I had just gotten out of the library, to return a couple things and pick up a CD on the hold shelf for me, and was driving to my next stop, which was the grocery store. I had just reached the corner of Antelope and Watt, and was glancing left to check for cars before I made a right turn when I saw it. A huge plume of smoke trailed up into the sky in the southwest, in the general direction of what once was McClelland AFB. If I had been in Redding, and this had been the height of summer, a plume of smoke that large would only mean one thing -- a forest fire had started, and a pretty big one at that. But this was a March evening in Sacramento, and while the weather's been a bit warm, it's nowhere near the heat of the dog days of summer. Besides, forest fires generally don't start out quite that dark -- forests burn a bit more grey.
McClelland's old runways are still used for private planes and Coast Guard vehicles, so my first though was that a plane had crashed and burned at the south end of the old air force base. So I drove back to Elkhorn, which is the northern boundary of McClelland, and thus has a straight sightline down the runway, at which point, I discovered that the fire was much further away than that -- and much, much bigger. It was in the general direction of downtown, a fact which spooked me. Downtown is where most of the important stuff is.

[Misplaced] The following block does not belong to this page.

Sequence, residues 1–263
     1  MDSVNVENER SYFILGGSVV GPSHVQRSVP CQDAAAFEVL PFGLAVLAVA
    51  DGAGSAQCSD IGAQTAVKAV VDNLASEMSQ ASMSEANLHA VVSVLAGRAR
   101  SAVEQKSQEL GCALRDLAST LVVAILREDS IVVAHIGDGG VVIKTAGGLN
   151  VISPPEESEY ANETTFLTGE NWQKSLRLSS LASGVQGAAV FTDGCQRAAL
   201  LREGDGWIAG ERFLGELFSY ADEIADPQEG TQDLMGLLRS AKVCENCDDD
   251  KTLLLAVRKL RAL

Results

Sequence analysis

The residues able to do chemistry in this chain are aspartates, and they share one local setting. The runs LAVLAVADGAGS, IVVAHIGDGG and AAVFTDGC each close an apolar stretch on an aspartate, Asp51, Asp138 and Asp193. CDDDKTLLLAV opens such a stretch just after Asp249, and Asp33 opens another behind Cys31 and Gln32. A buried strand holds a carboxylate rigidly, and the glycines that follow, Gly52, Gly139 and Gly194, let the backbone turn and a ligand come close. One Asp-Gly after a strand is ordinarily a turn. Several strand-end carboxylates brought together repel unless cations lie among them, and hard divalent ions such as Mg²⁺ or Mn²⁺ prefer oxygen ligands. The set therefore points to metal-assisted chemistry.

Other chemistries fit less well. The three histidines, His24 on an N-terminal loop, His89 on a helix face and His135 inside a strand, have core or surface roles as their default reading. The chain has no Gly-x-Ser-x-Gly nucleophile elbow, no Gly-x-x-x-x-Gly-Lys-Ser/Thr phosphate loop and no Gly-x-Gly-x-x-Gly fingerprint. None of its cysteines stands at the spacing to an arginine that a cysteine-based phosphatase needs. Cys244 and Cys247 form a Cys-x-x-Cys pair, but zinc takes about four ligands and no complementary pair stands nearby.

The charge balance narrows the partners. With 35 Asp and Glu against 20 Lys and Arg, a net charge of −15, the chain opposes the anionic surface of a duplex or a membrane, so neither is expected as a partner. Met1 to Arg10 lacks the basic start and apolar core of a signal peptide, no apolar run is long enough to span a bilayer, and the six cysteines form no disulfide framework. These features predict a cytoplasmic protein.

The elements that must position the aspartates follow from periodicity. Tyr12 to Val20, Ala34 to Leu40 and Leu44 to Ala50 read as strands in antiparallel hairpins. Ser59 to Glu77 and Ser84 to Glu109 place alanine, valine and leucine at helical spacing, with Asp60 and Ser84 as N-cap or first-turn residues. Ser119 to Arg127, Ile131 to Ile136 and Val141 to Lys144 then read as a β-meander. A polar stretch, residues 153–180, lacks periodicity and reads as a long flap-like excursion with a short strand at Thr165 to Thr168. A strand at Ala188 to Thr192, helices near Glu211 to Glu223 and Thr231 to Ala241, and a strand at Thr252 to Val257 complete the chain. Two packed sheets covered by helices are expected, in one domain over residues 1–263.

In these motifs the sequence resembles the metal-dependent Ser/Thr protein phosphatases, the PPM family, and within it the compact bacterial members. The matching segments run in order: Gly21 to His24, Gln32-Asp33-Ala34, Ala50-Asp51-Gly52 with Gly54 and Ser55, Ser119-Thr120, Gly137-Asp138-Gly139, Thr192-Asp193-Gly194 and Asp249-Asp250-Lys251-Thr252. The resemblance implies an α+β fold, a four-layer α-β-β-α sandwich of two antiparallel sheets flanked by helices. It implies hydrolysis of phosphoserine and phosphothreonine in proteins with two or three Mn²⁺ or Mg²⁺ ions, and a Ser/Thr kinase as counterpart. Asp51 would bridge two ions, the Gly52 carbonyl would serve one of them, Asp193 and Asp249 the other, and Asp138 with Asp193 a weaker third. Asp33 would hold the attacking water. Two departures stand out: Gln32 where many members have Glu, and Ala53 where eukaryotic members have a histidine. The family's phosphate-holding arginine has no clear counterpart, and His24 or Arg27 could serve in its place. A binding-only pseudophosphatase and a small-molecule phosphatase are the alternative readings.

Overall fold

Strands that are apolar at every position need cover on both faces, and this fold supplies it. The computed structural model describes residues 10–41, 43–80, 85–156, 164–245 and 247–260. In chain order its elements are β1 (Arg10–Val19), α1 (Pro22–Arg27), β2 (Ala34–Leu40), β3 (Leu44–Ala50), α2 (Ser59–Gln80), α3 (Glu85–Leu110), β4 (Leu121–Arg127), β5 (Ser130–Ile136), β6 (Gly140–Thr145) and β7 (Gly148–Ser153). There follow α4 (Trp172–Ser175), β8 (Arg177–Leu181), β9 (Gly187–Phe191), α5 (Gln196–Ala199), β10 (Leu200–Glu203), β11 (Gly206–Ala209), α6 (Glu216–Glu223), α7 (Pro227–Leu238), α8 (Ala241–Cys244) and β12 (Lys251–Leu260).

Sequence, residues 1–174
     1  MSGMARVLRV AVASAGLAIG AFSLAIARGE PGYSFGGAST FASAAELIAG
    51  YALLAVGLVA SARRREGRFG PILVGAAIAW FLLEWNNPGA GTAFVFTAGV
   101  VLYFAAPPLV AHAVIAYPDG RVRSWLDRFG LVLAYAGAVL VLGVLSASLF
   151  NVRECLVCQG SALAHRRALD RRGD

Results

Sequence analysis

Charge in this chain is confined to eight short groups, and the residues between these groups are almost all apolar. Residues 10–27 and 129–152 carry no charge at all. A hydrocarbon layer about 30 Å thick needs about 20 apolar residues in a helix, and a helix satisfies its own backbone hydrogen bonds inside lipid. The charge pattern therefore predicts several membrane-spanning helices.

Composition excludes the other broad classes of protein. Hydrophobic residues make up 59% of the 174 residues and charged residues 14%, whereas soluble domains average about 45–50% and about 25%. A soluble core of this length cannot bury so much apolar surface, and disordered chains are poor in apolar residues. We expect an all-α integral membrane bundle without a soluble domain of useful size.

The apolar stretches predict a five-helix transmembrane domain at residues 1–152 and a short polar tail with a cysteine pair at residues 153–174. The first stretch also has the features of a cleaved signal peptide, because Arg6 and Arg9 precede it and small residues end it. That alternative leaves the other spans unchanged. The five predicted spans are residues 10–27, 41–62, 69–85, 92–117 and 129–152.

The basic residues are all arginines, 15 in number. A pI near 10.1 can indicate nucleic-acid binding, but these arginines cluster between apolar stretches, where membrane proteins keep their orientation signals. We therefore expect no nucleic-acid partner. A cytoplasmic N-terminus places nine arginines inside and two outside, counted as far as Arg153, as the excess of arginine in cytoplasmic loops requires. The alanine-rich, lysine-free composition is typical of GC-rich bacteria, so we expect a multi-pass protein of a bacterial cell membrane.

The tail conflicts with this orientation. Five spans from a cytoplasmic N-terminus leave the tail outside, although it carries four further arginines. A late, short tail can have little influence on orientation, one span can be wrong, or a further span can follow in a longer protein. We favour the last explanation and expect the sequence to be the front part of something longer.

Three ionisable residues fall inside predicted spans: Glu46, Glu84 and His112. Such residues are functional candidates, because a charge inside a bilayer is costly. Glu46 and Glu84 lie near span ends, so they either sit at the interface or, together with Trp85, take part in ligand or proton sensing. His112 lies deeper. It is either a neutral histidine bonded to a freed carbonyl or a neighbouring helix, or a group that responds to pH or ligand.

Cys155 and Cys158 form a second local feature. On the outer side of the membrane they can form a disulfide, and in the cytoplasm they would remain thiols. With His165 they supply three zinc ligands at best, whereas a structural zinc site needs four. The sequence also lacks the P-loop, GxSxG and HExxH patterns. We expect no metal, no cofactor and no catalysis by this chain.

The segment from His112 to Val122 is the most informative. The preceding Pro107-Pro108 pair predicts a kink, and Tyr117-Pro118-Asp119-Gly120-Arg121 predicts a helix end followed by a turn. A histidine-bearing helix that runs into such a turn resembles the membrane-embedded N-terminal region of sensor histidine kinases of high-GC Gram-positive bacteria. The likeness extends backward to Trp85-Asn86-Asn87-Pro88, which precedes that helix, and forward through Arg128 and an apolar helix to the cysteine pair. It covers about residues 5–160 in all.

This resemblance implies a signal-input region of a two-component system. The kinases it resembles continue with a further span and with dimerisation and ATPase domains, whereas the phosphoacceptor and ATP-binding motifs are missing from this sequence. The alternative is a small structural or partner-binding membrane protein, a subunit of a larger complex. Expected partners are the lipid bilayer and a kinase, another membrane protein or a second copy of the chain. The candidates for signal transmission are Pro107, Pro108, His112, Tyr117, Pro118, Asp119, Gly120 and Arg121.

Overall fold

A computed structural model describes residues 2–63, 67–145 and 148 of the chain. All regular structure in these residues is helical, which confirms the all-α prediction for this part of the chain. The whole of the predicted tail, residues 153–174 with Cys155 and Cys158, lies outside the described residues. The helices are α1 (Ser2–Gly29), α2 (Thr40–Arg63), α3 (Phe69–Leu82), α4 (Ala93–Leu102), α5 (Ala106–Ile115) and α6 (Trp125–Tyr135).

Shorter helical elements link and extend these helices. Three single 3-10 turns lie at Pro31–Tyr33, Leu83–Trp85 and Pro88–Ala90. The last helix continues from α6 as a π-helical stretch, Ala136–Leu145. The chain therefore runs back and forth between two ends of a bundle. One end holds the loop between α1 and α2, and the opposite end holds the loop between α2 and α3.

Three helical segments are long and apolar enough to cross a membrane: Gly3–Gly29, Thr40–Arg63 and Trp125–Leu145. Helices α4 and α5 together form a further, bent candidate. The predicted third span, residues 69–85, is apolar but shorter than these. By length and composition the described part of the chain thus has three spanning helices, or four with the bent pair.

Driving back to the grocery store, somewhat concerned about all of this, it dawns on me that Sacramento is a big enough city to warrant traffic updates on the radio. So I tuned to one station that I know does their traffic reports about every fifteen minutes and listened. And sure enough, the Capital City Freeway is running slow. Now, the Cap City always runs slow -- it was supposed to be part of Interstate 80 until they found it was cheaper to drive 80 across the north end of town and out to Roseville than it was to upgrade the Cap City to interstate standard, and we've been left with the results of that decision for a long time.
But this time, the Cap City was running slow because of a fire down near Cal Expo that involved some railroad ties. Now, railroad ties burn black -- the wood preserving agent is a coal tar. I didn't think much about this, but if I had given some consideration to the thought, I'd have realized that a few railroad ties wouldn't be enough to give off that much smoke. That's because it wasn't a bunch of railroad ties -- it was a whole fucking railroad trestle.
It's the sort of thing that's nearly unprecedented. We all see these trestles around us, and usually we don't pay them much attention. They get the trains where they're going. Sometimes, they get turned into bike trails. Nothing really all that surprising, right? The thing is, when they catch on fire they go up in spectacular fashion, as we learned in Sacramento today. The firefighters think it will be days before the fire burns itself out, and then months while Union Pacific rebuilds the trestle. It's not like this was a mostly ignored rail segment, either. This is the main line running between the Bay Area and points east and north of it.
It's probably not surprising the blaze is considered 'suspicious'.
If you're curious, here's the News10 and SacBee[Edit: Bad link. It appears to be here now, but it really strikes me as odd that SacBee moves stories like that.] stories. (The SacBee one will need registration, nukefree/nukefree should get you in.) I stole pictures from both stories to illustrate this.